Dr. Anthony Fauci on Sunday said that Pfizer’s COVID-19 vaccine could be available for kids ages 5 to 11 sometime in the first two weeks of November, making it possible for younger children to get their first shots before Thanksgiving.
“If all goes well, and we get the regulatory approval, and the recommendation from the CDC, it’s entirely possible, if not very likely, that vaccines will be available for children from 5 to 11 within the first week or two of November,” Fauci said on ABC’s “This Week.”
Fauci stressed that it’s important not to “get ahead of the FDA and their regulatory decisions.”
“But if you look at the data that’s been made public and announced by the company, the data look good as to the efficacy and the safety,” he said.
Food and Drug Administration researchers shared in a study released Friday that the vaccine had proven to be highly effective at protecting kids from COVID-19.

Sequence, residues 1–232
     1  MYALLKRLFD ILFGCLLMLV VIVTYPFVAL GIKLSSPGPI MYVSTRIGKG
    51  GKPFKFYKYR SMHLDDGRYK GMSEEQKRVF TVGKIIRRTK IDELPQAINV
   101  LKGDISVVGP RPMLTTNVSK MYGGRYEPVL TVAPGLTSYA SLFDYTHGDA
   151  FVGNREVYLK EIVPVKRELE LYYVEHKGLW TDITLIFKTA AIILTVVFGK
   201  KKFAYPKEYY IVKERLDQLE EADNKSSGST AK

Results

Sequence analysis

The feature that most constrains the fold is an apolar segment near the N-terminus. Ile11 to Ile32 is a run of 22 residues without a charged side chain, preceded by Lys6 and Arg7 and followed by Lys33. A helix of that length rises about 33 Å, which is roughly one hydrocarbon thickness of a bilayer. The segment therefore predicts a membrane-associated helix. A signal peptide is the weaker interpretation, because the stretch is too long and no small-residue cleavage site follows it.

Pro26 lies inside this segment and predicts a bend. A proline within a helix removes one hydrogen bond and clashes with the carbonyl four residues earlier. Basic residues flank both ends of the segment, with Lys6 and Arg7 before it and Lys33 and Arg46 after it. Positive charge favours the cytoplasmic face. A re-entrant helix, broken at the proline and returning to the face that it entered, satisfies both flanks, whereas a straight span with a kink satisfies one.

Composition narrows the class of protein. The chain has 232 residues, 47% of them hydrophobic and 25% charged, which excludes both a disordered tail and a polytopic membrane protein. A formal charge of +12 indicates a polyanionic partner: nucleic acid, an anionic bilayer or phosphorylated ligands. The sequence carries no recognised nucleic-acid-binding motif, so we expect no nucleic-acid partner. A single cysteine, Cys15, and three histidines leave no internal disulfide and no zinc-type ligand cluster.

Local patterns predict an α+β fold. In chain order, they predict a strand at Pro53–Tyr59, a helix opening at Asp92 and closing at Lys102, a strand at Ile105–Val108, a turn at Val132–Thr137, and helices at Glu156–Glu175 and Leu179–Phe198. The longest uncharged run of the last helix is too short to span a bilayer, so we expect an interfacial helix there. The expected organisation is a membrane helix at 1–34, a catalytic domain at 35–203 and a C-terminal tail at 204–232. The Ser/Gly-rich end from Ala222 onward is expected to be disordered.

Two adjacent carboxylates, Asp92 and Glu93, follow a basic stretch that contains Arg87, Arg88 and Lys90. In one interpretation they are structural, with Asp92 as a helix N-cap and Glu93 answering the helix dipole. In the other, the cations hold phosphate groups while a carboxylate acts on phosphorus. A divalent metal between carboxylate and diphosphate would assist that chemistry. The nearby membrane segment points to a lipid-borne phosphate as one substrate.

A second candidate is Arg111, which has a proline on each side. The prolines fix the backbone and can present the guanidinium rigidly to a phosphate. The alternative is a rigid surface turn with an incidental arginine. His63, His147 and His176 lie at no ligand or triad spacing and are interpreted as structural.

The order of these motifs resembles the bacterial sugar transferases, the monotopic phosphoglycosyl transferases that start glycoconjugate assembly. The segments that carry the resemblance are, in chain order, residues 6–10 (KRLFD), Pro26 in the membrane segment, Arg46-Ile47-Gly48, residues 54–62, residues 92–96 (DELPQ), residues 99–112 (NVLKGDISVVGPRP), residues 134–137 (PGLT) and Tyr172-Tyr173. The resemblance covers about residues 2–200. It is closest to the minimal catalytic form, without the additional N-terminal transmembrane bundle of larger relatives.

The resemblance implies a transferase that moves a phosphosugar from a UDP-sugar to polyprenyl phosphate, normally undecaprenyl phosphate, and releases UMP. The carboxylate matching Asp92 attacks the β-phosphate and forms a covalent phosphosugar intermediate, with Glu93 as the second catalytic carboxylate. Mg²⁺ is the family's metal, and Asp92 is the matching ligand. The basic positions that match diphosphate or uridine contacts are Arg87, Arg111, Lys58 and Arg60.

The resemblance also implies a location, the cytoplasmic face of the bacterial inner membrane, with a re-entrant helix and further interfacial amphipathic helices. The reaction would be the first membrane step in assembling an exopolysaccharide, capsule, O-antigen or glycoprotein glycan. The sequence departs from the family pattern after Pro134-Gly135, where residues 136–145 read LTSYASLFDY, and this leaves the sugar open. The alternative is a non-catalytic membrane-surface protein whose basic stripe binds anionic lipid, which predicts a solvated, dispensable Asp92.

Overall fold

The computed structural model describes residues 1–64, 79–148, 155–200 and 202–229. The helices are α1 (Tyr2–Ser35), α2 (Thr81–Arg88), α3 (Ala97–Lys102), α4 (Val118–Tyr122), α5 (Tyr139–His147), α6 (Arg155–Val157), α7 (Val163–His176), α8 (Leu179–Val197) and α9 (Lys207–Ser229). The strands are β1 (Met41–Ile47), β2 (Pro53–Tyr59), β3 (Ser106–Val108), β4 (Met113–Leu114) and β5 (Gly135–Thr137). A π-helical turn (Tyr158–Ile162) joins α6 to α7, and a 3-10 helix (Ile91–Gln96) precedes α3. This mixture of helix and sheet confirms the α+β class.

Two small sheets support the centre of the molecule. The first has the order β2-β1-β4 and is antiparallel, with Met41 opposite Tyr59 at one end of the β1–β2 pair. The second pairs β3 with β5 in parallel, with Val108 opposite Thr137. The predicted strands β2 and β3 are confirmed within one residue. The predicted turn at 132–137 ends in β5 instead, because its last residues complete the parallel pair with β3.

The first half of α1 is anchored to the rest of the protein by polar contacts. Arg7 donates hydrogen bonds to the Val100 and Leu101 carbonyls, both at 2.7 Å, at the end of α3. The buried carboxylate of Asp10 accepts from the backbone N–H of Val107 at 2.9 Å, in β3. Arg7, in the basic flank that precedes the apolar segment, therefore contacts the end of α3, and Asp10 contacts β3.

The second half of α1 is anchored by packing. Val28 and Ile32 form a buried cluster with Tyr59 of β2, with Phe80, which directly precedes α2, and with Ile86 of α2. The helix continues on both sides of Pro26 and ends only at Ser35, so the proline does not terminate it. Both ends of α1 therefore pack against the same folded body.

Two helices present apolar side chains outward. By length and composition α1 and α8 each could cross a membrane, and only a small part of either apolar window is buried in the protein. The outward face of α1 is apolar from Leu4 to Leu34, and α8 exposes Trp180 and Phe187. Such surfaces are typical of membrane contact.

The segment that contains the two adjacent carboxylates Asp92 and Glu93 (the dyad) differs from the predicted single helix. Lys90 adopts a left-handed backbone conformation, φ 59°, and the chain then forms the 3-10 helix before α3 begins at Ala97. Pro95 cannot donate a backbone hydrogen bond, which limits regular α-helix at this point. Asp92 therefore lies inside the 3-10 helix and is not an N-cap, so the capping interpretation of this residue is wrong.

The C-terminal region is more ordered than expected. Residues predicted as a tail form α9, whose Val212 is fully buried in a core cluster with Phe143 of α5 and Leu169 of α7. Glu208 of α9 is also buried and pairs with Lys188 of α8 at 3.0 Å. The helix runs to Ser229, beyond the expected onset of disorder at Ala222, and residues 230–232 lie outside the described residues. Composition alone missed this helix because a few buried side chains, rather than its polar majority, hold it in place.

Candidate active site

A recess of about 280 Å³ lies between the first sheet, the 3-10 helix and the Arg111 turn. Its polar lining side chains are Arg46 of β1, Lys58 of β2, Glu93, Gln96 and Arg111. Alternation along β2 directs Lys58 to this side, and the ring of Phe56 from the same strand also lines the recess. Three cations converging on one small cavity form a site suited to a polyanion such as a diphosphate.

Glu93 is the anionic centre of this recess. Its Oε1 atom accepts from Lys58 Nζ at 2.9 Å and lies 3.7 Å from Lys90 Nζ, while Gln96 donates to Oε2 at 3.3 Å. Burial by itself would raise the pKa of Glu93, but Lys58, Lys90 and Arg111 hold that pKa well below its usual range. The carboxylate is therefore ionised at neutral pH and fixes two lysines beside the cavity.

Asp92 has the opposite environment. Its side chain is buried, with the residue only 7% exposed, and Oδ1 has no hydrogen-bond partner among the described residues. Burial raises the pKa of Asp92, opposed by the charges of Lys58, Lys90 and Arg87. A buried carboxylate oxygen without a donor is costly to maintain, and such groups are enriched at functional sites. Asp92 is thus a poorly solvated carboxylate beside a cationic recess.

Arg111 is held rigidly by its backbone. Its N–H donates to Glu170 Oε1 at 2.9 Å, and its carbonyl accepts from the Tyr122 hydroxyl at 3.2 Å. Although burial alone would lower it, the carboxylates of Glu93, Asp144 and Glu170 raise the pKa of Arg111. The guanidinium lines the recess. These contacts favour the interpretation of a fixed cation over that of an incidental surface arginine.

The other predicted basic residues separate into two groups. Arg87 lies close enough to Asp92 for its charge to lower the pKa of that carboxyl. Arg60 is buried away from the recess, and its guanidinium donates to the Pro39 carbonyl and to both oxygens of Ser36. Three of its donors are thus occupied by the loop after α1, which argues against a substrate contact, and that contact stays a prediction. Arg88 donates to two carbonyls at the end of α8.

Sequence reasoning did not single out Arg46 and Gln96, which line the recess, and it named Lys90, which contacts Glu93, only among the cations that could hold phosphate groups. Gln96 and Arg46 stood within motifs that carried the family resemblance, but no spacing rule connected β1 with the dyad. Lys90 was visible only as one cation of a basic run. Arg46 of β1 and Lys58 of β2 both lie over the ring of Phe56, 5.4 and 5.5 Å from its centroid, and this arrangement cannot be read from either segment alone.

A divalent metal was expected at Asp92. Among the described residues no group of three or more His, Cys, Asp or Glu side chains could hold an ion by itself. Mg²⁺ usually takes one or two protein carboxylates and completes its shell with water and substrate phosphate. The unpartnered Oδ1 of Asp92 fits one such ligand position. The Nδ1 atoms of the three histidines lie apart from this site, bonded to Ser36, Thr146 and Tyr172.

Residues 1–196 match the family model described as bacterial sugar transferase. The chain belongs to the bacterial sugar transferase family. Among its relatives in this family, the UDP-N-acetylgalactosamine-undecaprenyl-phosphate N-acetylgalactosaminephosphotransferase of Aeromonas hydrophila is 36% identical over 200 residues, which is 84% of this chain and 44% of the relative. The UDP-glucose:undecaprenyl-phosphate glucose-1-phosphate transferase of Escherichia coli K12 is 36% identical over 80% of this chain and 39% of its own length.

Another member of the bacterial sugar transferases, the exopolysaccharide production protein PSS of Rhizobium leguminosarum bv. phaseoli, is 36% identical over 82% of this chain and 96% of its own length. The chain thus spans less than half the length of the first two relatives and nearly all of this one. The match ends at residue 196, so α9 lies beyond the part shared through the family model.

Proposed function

A panel of outside experts is scheduled to meet on Tuesday to advise the agency before it decides whether or not to authorize the Pfizer shot for children.
Dr. Rochelle Walensky, director of the Centers for Disease Control and Prevention, said Sunday that if authorized, her agency will then be “ready” to conduct its own review of the vaccine the first week of November.
“We are hopeful to hear from [the FDA] by the beginning of [the first week of November] and that’s when the CDC will have their meeting,” she said on NBC’s “Meet the Press.”
“And I will be ready to take action if all of that goes smoothly, as soon as possible. In the meantime, the administration is working on the operations and logistics. So, as soon as we have both the FDA authorization and the CDC recommendations, there will be vaccine out there so children can start rolling up their sleeves.”